REVIEW: “Rover” by A. T. Sayre

Review of A. T. Sayre, “Rover”, Analog Science Fiction and Fact March/April (2020): 165–172 (Kindle) – Purchase Here. Reviewed by John Atom.

Contains spoilers.

Against all odds, a Martian rover has survived long past its expiration date and is still carrying out its exploratory mission on Mars. So far, all its attempts to communicate with Earth have been unsuccessful. One day while searching for replacement parts, the rover stumbles on a repeating radio signal of a spaceship. Since the signal indicates the possible presence of humans on the planet, the rover risks everything to reach the source.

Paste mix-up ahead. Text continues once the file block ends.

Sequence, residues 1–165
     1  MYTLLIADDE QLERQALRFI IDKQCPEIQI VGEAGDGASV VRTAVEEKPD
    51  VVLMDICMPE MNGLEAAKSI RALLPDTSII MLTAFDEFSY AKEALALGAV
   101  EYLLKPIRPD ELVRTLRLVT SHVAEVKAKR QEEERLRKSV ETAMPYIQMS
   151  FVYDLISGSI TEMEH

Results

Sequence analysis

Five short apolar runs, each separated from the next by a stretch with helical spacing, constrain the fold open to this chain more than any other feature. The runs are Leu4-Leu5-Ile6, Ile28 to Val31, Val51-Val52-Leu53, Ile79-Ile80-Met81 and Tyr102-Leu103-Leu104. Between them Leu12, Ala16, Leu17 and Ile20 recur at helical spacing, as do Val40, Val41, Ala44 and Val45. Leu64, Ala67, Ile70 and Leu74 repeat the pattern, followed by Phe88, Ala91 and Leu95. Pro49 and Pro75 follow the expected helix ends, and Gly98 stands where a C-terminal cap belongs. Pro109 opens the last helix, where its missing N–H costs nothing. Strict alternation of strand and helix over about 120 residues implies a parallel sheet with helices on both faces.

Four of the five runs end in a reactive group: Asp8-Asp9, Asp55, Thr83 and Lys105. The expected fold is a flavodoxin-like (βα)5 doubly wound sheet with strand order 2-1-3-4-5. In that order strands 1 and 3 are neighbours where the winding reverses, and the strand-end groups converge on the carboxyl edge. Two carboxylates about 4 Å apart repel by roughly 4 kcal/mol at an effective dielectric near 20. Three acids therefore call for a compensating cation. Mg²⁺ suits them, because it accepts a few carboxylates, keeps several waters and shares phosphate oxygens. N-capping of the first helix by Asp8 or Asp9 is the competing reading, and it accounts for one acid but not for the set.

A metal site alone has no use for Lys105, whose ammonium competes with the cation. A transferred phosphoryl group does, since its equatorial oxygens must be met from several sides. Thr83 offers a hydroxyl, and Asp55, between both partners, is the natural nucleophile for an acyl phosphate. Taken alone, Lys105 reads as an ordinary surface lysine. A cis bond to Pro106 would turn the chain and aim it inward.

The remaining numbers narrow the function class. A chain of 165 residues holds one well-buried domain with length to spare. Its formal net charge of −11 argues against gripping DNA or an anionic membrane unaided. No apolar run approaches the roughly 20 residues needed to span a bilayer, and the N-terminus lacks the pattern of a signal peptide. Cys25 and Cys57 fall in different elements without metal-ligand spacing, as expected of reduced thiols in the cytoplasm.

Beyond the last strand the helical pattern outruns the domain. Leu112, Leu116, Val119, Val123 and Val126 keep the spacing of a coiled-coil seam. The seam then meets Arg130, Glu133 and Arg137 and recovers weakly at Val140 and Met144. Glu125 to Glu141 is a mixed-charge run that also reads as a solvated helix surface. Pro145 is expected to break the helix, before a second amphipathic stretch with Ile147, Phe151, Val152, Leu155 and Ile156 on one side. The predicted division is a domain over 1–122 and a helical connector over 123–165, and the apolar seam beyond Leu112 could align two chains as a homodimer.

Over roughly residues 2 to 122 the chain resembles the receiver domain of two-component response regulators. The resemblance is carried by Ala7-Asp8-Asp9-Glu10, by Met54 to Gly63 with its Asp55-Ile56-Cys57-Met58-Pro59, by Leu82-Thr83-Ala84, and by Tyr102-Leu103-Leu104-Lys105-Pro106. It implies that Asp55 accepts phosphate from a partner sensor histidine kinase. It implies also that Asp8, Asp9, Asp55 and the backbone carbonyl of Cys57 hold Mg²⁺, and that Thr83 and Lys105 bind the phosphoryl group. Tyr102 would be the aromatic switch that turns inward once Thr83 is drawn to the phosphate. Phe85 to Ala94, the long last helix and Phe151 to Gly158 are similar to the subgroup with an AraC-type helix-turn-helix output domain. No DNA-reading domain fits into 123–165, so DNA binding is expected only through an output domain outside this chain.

While it takes a bit to get there, “Rover” builds up into beautiful story full of suspense and melancholy about an advanced (albeit unrealistic) A.I. trying to cope with loneliness and abandonment. Sayre imbues the Martian rover with relatable characteristics without indulging in too much anthropomorphism. At times, the rover reads like a lost pet in an old fairy-tale or fable, adding a great deal of charm to the piece. Of course, it takes a bit to get there. The first third of the prose is rather dry and could have done with some cuts or edits.

Overall, a delightful piece that highly recommend.

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